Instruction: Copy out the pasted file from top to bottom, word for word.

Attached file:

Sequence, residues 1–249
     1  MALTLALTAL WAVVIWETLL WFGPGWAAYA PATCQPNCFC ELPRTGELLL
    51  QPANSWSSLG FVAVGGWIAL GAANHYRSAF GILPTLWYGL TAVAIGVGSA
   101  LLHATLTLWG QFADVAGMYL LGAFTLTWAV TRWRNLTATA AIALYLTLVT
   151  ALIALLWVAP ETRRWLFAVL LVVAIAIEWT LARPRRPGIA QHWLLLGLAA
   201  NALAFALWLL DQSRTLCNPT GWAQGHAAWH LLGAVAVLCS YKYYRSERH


Sequence, residues 1–249
     1  MALTLALTAL WAVVIWETLL WFGPGWAAYA PATCQPNCFC ELPRTGELLL
    51  QPANSWSSLG FVAVGGWIAL GAANHYRSAF GILPTLWYGL TAVAIGVGSA
   101  LLHATLTLWG QFADVAGMYL LGAFTLTWAV TRWRNLTATA AIALYLTLVT
   151  ALIALLWVAP ETRRWLFAVL LVVAIAIEWT LARPRRPGIA QHWLLLGLAA
   201  NALAFALWLL DQSRTLCNPT GWAQGHAAWH LLGAVAVLCS YKYYRSERH